A Swedish Sámi herders association is at loggerheads with the state-owned forestry firm

Protests have temporarily halted a planned clear cut.

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A police offer watches on as logging equipment is transported away from a clearcut site following protests by reindeer herders and conservationists. (Kajsa Falk / Greenpeace)

Representatives of Sweden’s Sámi reindeer herders are calling for changes to the way the country’s state-owned forestry company Sveaskog does business, amid a two-week standoff that ended with a decision on Thursday to temporarily halt the planned clear cut of an 85-hectare section of forest that herders say is being carried out without their approval.

According to the Sámi reindeer herder organizationSámiid Riikkasearv, Sveaskog and national authorities do not live up to their obligation of taking Sámi land use into account when conducting logging.

“Given the impact forestry has on reindeer herding, any forestry activities that haven’t been approved by Sami herding associations should postponed until changes have been made,” said Matti Blind Berg, Sámiid Riikkasearv’s chair.

The decision to halt logging activities due to be carried out on land used by the Muonio reindeer herding association was made “for safety reasons,” according to Sveaskog, whose activities there had been idled since August 9, when herders and members of the environmental activist group Greenpeace set up camp in the area.

[Sweden moves to update Sámi reindeer laws in the wake of a landmark land-rights decision]

Herding-association land accounts for 95 percent of the forest under national management. While firms looking to use land used by most of Sweden’s 51 herding associations must consult with herders about planned land use, this is not the case for a handful of associations, including Muonio, known as koncessionsameby, that do not limit membership to Sámi. Unlike Sámi herders, members of these associations are permitted to use forest land for grazing by regional authorities.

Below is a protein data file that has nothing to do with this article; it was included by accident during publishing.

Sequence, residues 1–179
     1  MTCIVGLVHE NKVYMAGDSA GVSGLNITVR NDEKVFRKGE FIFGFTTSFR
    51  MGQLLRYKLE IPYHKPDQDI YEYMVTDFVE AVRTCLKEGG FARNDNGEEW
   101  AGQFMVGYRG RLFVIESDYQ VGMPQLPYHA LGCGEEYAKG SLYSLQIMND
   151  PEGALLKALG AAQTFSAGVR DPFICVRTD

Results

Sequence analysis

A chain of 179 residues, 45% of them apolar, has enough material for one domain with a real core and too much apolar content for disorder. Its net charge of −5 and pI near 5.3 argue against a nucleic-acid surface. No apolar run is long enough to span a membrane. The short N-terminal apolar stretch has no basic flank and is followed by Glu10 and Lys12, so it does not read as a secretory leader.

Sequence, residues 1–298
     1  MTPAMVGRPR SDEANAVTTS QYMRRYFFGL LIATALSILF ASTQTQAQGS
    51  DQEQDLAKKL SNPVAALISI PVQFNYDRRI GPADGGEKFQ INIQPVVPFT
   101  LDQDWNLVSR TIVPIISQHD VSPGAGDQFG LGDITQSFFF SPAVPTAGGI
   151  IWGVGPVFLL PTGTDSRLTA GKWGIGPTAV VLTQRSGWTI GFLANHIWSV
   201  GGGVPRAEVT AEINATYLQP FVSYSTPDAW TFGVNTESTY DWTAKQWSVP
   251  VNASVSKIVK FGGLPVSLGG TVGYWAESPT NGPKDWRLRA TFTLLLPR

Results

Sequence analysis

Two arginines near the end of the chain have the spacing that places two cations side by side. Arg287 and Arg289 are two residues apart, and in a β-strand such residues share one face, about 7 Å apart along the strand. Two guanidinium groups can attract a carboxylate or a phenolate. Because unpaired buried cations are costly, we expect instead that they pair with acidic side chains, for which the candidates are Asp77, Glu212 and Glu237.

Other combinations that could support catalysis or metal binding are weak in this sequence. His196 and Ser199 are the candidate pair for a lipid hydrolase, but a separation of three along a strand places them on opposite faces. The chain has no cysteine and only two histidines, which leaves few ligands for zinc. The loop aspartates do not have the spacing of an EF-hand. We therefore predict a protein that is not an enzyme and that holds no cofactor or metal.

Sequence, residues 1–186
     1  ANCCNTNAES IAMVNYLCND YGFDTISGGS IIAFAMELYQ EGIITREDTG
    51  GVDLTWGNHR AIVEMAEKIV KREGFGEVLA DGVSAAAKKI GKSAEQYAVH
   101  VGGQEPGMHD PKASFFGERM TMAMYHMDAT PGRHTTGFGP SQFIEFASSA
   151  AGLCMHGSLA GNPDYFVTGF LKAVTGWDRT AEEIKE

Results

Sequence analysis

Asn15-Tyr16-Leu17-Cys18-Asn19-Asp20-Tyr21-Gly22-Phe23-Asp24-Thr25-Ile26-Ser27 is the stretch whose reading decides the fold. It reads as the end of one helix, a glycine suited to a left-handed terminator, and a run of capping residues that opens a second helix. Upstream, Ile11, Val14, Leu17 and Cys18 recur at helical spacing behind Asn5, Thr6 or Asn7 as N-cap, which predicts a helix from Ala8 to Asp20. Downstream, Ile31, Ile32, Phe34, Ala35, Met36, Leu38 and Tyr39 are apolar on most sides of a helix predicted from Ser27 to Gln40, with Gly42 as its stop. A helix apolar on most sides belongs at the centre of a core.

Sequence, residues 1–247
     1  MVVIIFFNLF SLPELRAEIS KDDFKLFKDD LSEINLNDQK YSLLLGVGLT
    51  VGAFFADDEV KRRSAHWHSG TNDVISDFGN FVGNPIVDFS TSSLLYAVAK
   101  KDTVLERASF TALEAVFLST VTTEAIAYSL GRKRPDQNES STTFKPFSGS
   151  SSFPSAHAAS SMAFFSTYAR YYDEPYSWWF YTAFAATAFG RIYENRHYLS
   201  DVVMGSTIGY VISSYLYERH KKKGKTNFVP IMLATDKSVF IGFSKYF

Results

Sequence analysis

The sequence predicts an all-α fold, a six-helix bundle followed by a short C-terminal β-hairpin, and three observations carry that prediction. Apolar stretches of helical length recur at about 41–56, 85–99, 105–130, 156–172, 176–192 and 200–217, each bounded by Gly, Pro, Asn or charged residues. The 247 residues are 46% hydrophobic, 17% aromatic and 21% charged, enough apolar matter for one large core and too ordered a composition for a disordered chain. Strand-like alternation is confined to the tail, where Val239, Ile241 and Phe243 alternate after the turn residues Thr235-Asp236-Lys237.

The conflict escalated this past November, when the representatives of 29 herding associations complained that, despite their historic claims, they had no say in what happened to the land they were using.

“Instead of it being farmed, this leads to it being consumed,” the representatives wrote in an open letter published by the news outlet Aftonbladet.

[UN criticizes Sweden for failing to consult Sámi on mining permit]

According to herders, Sveaskog currently has plans to log about 100 plots in the Muonio area, and that many of these are important natural sources of the lichen that reindeer feed on.

“The plots they are foresting now still clearly show the signs of past clear-cutting,” Hans Holma, the chair of the Muonio herders association said. “There is no room for more clear-cutting here. The reindeer need lichen-rich forests to survive, and we stand by our demand that formal consultation with co-planning must be resumed.”

Sveaskog, for its part, said it continues to consult with all herding associations, and accused Greenpeace of “spreading false information” about its Muonio activities.

“Sveaskog and the Muonio herding association had a meeting on June 21 and a further meeting was planned for the end of August.”